But when Tresckow was assigned to command of a battalion on the Eastern Front in October 1943, he was no longer in position to actively plan or effect the coup. Even his promotion a month later to Chief of Staff of the Second Army did not bring him much closer. To gain access to Hitler, he proposed to his old comrade General Rudolf Schmundt, Hitler's chief adjutant and Army personnel chief, to create a new department of psychological and political warfare to evaluate data and make reports directly to the Führer. Schmundt, who was still well disposed toward his old friend but suspected that Tresckow disapproved of the Führer, quietly let the matter drop. Tresckow also applied to become General Adolf Heusinger's delegate in the Army High Command (OKH) during the latter's two-month leave, which would also give him access to Hitler's meetings, but Heusinger, who was earlier approached by conspirators, rejected it apparently for the same reason.
Colonel Claus Schenk Graf von Stauffenberg, who met Tresckow in August 1943 and worked together on revising Operation Valkyrie, took the responsibility for planning and implementing Hitler's assassination. By the time Stauffenberg was appointed Chief of Staff of the Reserve Army and was ready to carry out the assassination attempt, the Allies had already landed in Normandy. When Stauffenberg sent a message to Tresckow through Lehndorff to ask whether there was any point in making the attempt since there was no practical purpose to be served, Tresckow urged him not only to attempt the assassination but to go ahead with the coup in Berlin even if the assassination were to fail. He argued that there must be an overt act of German opposition to Hitler regardless of the consequences. He also told Philipp von Boeselager and Margarete von Oven that 16,000 people were being killed daily not as casualties of war but from being murdered by the Germans, and Hitler had to be killed just to put an end to it. A few days before the coup attempt, Tresckow confided to a friend that "in all likelihood everything will go wrong". When asked whether the action was necessary nonetheless, he replied, "Yes, even so."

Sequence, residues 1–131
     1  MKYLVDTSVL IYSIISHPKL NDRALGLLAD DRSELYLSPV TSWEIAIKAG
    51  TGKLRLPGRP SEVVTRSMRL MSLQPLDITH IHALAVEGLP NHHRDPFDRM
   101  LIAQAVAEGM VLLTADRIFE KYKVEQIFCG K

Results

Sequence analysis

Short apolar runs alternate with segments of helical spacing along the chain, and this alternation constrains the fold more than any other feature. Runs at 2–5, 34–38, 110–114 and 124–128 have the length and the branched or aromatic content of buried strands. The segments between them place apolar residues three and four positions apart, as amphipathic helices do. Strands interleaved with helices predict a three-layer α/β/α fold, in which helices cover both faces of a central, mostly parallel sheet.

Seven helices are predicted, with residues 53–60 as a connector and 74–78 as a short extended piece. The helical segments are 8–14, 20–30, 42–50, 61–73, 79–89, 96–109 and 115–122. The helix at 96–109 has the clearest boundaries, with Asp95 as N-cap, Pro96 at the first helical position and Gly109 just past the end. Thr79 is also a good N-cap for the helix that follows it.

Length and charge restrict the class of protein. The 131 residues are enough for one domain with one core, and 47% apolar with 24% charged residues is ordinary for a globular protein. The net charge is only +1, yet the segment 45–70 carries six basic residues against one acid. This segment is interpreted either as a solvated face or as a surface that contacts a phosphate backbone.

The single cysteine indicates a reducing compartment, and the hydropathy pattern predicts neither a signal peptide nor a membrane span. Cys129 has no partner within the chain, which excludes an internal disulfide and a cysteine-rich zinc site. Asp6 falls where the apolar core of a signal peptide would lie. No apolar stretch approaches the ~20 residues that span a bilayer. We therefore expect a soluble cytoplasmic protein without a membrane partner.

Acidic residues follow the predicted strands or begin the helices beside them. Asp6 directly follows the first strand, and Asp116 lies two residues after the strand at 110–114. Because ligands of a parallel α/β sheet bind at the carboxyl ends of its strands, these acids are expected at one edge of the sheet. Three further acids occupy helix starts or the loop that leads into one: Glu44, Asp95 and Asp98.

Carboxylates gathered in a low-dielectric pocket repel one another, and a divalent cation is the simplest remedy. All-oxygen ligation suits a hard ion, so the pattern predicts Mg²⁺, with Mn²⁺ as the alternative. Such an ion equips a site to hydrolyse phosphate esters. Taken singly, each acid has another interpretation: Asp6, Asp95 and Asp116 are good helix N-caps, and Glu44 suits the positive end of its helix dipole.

When the assassination attempt on Hitler and the following coup in Berlin (the 20 July plot) had failed, Tresckow decided to commit suicide at the front in Królowy Most near Białystok on 21 July. His parting words to Schlabrendorff were: